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Mary’s Harbour mayor witnesses latest innovations in fishing technology in Iceland

Mary’s Harbour mayor Alton Rumbolt stands next to his boat, the Beachside Cruiser. Rumbolt attended the Iceland Fisheries Exhibition with other Newfoundland and Labrador harvesters, processors and FFAW union members. They all came set on bringing Newfoundland and Labrador’s fish markets up to par with the rest of the world. Submitted photo
Mary’s Harbour mayor Alton Rumbolt stands next to his boat, the Beachside Cruiser. Rumbolt attended the Iceland Fisheries Exhibition with other Newfoundland and Labrador harvesters, processors and FFAW union members. They all came set on bringing Newfoundland and Labrador’s fish markets up to par with the rest of the world. Submitted photo

Seeking new technology for a new fishery

MARY’S HARBOUR, NL – Returning from the Iceland Fisheries Exhibition, Alton Rumbolt is hoping the most up-to-date fishery technology will come to Newfoundland and Labrador.

The Mary’s Harbour mayor attended the exhibition during a six-day trip with other harvesters, plant processors, and Fish, Food and Allied Workers union members.

The province’s harvesters toured the area with their minds set on an expanding cod fishery and an increasing demand for better quality fish.

Rumbolt says of all the different technology he witnessed there, the auto-jigger stands out as particularly vital.

“Right now, you’re looking for quality and building up good markets,” Rumbolt said. “With this new technology in Newfoundland and Labrador, it’s going to be a good thing for the future of our fishery.”

Auto-jiggers can place several lines into the water on one machine. Computer systems on the auto-jiggers control how far off the ocean floor the hooks will be. The fisher can plug in a weight limit for the jigger and the lines will reel back to the ocean surface once the amount of fish caught meets that weight. When the ocean floor rises or falls, the jig lines adjust their distance.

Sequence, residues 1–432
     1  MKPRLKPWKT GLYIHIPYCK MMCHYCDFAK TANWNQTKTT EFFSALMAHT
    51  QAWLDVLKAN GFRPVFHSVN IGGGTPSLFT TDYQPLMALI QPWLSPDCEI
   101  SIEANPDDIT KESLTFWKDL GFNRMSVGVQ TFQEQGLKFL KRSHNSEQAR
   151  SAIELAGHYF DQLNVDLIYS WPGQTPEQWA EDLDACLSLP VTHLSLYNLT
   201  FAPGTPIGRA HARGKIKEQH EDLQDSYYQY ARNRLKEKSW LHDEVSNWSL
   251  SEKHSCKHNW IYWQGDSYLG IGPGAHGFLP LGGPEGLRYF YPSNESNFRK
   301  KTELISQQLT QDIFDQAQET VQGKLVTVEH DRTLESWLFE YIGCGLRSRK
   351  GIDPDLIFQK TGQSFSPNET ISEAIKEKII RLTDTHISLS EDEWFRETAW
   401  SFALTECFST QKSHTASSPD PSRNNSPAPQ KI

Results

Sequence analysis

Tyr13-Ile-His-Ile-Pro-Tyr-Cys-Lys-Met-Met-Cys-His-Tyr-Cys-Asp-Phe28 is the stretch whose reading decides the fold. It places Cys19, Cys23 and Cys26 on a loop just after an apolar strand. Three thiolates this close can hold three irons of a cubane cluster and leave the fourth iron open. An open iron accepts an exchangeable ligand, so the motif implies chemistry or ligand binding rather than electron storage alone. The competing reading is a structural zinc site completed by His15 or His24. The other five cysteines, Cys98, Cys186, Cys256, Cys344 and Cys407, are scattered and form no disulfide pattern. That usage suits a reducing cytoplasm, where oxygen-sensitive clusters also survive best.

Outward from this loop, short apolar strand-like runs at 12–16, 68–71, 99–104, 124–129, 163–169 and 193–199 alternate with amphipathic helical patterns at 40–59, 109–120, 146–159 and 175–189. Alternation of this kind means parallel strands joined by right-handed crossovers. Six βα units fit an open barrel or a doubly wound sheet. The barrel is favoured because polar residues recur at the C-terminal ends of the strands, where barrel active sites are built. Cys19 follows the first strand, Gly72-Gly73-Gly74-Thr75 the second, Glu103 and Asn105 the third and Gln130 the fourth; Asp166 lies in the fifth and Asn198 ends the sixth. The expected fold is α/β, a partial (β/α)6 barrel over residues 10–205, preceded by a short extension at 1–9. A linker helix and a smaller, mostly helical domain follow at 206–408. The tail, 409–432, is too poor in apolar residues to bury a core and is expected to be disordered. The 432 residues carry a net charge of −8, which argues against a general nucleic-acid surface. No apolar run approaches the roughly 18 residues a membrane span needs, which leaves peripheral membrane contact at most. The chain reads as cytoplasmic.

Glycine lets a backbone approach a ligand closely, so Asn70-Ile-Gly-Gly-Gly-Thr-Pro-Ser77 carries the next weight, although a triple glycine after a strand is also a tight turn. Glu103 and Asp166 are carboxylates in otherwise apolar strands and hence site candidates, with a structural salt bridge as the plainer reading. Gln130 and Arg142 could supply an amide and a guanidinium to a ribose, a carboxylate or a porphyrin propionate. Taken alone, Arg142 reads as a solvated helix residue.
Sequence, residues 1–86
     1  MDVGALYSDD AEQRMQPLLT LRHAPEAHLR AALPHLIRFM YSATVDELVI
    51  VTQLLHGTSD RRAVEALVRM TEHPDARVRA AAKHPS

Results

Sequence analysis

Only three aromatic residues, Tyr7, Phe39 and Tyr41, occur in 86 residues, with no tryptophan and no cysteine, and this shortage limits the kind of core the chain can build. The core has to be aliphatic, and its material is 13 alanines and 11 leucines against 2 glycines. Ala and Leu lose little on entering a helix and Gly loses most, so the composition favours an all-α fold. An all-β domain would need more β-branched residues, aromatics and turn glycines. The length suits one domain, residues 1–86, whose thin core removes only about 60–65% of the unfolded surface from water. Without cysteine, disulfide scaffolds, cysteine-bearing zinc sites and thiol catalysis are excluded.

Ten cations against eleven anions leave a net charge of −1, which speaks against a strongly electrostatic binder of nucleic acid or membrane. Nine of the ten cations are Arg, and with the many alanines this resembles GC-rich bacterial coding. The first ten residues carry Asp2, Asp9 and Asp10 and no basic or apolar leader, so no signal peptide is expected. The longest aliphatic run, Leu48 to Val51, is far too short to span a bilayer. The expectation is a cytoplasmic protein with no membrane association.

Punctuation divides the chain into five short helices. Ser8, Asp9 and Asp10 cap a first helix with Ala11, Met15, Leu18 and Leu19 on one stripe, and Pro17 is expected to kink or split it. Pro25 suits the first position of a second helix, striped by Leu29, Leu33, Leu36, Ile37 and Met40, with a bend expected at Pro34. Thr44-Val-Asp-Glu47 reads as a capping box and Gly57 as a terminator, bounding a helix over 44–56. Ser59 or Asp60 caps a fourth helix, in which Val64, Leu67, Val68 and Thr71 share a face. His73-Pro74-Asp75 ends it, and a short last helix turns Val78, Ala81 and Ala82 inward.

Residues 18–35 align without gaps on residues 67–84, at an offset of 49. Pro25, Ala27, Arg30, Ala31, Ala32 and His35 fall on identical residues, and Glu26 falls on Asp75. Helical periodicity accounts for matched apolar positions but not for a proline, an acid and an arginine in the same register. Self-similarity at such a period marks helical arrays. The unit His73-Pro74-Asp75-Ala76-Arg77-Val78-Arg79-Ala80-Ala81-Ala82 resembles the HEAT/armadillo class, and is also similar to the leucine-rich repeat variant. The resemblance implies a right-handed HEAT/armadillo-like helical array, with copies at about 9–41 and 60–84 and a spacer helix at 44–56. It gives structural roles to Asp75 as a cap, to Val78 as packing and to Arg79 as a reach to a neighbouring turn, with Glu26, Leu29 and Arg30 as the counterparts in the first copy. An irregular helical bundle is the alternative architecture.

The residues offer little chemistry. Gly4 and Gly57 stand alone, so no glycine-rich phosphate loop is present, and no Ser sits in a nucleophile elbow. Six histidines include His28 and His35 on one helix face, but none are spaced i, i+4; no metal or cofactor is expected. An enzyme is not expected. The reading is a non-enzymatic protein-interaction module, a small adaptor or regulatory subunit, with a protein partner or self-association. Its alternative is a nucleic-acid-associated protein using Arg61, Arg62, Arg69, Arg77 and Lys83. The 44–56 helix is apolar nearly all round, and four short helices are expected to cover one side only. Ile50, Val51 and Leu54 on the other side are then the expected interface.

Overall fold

The jiggers are even equipped with an automatic baiter that baits the hooks as they go down.

Through this innovation, all the work once done manually and requiring many hands on deck will be feasible with just one or two crewmembers.

Rumbolt says this is particularly beneficial to harvesters in Newfoundland and Labrador.

“A lot of people have gotten out of the fishery here, from Muskrat Falls, getting on the oil rigs or moving away,” said Rumbolt. “Smaller crews are common now, and this will generate the same amount of work that a larger crew would. Two people in a crew could handle this easily.”

Rumbolt says this technology can also decrease the use of netting, which will have environmentally friendly consequences. As well, leaving nets overnight often depletes the quality of the fish caught inside, and with auto-jiggers the use of nets is only reserved for times when there is no other way to get the fish.

Mary’s Harbour has set its horizons on a new ground fish processing plant, and he said many technological innovations in the processing arena came as a shock to the Newfoundland and Labradorians.

“We are behind on the times, on the harvesting and the processing,” said Rumbolt. “But we can learn from this and build upon it. It’s just a matter of time before these things will come to Newfoundland and Labrador.”

Rumbolt says a provincial program is already in the works to help harvesters and processors put these new systems in place. The program is intended to pay a percentage of the costs, and the harvesters will have to tackle the rest.

“This kind of funding would help people more comfortably get started into this future fishery,” said Rumbolt. “It’s going to be a different fishery, with quality of fish so important now. People are going to have to be more educated.”

If these technologies improve the quality of fish caught, the price will improve as well. Rumbolt hopes this will be an encouraging element to any young people in the province interested in getting involved with this future fishery.

Conversing with Icelandic harvesters and companies developing these technologies, Rumbolt says Newfoundland and Labrador now has a chance to bring their markets up to par with the rest of the world.

“You’re not just taking a chance on some new equipment here, not knowing if it’s going to work,” he said. “These machines have been tried and true, we know they work.

“It’s a new way of fishing. Now, we’re being given the chance to do that.”

kyle.greenham@northernpen.ca
 

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